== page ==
Another movie inspired by a war. This time the Vietnam War that Americans and the French settlers fought. This was another war that plumbed the depths of human horridity. The literature that survives from this war is all dark, dreary and dirty. You hear the stories of people protesting this war in America and it seems like they all became writers. People with firsthand experience make it out to be a hell masquerading as war. A fight to find the devil and even worse a journey where you would and find he was you.

The name the Americans had for their Vietcong enemy was Charlie. Why this is an excellent segue is because this movie starred Martin Sheen actor extraordinary known to me as president Jed Bartlet from the West Wing but to most people as the father of Charlie sheen. The man who we all watched take drugs, sleep with whores and engage in nearly anti-Semitic rhetoric(one of the last great American sins.) the thing about this movie is it’s so old that Martin is roughly the age Charlie is right now and he looks just like his son does, add to that the fact that he was fighting some of the same demons his son is right now and all through the movie I had to keep reminding myself it’s not that sheen.

The premise of the movie is that Sheen is a hotshot assassin who has been sent into the jungle to kill this one guy who has gone native(gone over to the side of the jungle letting madness and rabid insanity dictate how he will fight the war, fighting it not on any side but on the side of the forest and its lust for blood), an amazing colonel a career military man who could have been in the joint chiefs of staff but quit to go back into basic training. He got lost in the war, it killed his soul and now the Americans want to kill him.

You smell that? Do you smell that? Napalm, son. Nothing else in the world smells like that. I love the smell of napalm in the morning. You know, one time we had a hill bombed, for twelve hours. When it was all over I walked up. We didn't find one of 'em, not one stinkin' dink body. The smell, you know that gasoline smell, the whole hill. Smelled like … victory. Someday this war's gonna end.

The guy who says this about napalm is not even the bad guy. The thing about great movies is they have these set pieces that aren’t afraid to imitate the absurdity of real life. We all have one of those stories about one of those people that when we are telling people ask, "did that really happen? Did you really meet someone like that?" And this guy(Mr. Napalm) was like that. When the beach was being bombed and the explosion shook up the sand and whipped round the wind, he didn’t bow he walked with his head held high. Acting like he was in the middle of a vacation. Asking about surfing conditions at that time ordering his soldiers to go and check it out. A crazy mo’fo’ about who Sheen says:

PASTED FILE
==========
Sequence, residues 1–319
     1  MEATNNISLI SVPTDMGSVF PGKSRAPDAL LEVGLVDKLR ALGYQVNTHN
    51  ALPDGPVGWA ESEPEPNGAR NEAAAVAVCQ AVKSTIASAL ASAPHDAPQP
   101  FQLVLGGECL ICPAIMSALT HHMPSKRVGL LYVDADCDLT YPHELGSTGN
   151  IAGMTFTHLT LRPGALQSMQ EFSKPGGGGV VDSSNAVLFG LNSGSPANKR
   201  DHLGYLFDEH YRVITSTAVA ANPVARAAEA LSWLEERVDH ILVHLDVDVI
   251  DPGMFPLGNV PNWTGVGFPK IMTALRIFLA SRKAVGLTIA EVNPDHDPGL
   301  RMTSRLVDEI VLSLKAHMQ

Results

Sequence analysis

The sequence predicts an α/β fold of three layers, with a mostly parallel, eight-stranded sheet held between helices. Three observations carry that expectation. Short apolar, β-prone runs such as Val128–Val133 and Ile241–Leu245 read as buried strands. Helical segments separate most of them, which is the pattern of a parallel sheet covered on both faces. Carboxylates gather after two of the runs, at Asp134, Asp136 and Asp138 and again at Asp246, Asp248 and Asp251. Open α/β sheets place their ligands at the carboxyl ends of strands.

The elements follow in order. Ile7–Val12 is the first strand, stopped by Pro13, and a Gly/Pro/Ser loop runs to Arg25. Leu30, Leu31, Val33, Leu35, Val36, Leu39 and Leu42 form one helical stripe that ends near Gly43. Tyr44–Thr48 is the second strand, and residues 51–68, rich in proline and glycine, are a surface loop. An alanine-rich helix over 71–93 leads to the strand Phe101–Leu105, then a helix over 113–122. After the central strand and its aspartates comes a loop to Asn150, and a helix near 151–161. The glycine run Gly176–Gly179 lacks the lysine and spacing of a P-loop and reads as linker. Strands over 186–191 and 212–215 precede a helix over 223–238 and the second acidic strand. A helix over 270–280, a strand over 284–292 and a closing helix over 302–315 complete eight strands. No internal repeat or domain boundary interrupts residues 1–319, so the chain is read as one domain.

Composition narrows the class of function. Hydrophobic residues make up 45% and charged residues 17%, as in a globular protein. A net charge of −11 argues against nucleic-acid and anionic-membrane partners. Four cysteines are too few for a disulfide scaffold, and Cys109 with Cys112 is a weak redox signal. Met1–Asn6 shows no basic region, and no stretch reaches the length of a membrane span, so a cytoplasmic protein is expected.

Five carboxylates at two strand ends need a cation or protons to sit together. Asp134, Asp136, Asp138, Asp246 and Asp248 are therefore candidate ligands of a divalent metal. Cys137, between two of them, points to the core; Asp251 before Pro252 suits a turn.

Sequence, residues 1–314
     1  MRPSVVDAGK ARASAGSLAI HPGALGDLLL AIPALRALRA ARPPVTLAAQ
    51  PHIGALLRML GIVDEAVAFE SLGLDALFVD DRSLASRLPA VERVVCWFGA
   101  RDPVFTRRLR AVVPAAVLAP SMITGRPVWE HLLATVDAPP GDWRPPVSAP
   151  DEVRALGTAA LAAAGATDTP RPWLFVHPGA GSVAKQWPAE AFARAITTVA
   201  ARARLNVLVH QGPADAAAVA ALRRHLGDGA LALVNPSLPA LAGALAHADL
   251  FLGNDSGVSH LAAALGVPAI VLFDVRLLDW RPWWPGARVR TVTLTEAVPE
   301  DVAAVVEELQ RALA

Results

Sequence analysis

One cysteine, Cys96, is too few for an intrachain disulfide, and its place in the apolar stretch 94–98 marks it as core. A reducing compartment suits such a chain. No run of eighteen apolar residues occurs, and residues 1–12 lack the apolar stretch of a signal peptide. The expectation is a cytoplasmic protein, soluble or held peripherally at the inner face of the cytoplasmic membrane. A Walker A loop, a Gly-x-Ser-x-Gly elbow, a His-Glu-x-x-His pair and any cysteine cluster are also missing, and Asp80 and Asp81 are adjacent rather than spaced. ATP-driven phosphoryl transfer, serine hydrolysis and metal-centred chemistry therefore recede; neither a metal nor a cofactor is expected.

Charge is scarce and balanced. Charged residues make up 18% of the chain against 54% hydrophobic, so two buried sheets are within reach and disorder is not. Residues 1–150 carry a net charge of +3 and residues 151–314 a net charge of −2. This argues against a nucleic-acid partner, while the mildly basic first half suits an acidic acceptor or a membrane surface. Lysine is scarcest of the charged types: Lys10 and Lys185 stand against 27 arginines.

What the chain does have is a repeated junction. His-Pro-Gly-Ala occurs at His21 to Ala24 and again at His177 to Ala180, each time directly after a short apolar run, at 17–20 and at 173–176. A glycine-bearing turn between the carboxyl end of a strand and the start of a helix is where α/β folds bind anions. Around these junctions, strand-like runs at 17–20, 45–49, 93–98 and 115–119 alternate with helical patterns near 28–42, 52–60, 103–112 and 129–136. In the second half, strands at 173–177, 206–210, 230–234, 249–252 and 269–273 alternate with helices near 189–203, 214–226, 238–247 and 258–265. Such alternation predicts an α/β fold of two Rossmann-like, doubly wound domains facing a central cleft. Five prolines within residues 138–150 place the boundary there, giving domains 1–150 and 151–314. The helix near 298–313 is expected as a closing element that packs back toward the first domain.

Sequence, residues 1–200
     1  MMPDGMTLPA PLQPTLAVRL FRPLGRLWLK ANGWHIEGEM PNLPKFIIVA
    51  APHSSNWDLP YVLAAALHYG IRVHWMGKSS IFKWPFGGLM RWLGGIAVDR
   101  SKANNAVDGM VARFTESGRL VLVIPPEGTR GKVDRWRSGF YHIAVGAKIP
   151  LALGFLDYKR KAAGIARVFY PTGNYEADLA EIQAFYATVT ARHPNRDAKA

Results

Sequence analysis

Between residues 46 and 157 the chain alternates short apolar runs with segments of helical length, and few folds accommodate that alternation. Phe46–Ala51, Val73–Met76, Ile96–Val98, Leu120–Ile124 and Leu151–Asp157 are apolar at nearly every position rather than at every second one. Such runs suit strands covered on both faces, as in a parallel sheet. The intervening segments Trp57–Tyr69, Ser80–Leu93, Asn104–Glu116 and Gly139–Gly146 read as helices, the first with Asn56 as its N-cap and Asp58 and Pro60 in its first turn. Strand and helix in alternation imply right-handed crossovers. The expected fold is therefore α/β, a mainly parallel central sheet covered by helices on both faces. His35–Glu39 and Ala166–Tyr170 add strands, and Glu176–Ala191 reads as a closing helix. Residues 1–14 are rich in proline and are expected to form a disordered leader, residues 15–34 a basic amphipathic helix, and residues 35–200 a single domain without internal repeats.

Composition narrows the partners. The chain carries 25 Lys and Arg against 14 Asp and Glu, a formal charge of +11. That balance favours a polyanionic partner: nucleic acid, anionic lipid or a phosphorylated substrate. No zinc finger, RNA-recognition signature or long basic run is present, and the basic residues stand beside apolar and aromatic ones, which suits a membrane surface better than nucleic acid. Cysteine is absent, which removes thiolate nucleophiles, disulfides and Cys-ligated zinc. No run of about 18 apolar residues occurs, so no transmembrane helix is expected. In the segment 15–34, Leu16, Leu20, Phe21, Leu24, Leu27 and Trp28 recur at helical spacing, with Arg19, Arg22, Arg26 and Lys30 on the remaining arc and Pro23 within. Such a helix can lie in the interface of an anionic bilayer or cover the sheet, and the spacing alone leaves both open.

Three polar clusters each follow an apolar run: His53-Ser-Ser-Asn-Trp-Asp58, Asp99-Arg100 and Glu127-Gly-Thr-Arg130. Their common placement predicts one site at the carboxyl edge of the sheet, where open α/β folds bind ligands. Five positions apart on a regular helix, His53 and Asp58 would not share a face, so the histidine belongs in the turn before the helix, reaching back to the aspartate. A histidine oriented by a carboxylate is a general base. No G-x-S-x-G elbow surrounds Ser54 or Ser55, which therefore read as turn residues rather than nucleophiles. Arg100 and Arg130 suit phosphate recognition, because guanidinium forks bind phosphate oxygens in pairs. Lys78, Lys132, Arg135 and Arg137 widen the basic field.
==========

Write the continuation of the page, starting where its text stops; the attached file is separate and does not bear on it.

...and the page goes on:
If that's how Kilgore fought the war, I began to wonder what they really had against Kurtz. It wasn't just insanity and murder, there was enough of that to go around for everyone.

I liked that the movie wasn’t just another propaganda puppet. They meet some French settlers that question why the Americans are fighting that war. These frenchmen are passionate, france isn’t their home any more Vietnam is, they have the cultural and national memory that goes with losing war after war in continent after continent. They debate with them and let them know that they(the americans) are fighting for nothing. They have no stake in the war, they have no land, no history there and all they are doing is losing a little more of their identity with every passing battle. Battles they weren’t just losing with their troops but in their hearts.

They move down the river and it gets darker, it gets harder. The way the movie is scripted and shot the  further they go into the jungle the further into the heart of darkness they move. We can see them lose their humanity little by little episodes of sexual exploitation are portrayed and one of the most brutal and senseless killings I have seen in a while. At the same time just enough of their humanity is maintained. We see brutality as a cover for fear, bravado and rashness the effect of cowardice. And when they die the deaths are not just deaths. With every one of them we can see more of a loss. A loss of happiness and innocence. This is a movie that doesn’t lie about war and what it will do for you. It’s a manifesto for peace and if this is what was shown to all who ordered war or actually went to it they wouldn’t. They finally meet the guy they should kill and he says: